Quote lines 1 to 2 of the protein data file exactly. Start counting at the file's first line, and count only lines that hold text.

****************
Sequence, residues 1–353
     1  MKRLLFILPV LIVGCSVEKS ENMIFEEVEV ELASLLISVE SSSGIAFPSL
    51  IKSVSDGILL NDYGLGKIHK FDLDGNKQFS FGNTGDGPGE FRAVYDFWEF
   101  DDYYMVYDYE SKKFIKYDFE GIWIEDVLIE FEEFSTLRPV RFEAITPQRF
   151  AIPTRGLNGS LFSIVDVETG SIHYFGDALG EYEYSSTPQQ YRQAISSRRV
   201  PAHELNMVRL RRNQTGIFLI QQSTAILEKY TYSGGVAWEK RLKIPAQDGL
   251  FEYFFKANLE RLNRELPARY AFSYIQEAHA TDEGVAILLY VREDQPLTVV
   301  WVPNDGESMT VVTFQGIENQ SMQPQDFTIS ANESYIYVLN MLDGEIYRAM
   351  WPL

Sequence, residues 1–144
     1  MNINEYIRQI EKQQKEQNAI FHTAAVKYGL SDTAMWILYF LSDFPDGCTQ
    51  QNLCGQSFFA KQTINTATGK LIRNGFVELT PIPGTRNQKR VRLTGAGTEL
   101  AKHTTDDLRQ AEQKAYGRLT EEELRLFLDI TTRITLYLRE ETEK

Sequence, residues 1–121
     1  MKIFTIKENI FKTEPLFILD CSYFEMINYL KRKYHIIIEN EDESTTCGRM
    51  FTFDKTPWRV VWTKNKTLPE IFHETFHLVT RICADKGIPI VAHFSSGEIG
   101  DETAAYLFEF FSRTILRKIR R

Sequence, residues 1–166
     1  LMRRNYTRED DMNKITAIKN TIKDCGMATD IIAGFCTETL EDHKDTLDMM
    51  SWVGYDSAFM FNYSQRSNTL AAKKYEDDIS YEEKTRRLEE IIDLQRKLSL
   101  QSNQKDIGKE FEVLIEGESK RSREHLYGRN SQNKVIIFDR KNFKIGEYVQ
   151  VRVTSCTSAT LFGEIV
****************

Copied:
Sequence, residues 1–353
     1  MKRLLFILPV LIVGCSVEKS ENMIFEEVEV ELASLLISVE SSSGIAFPSL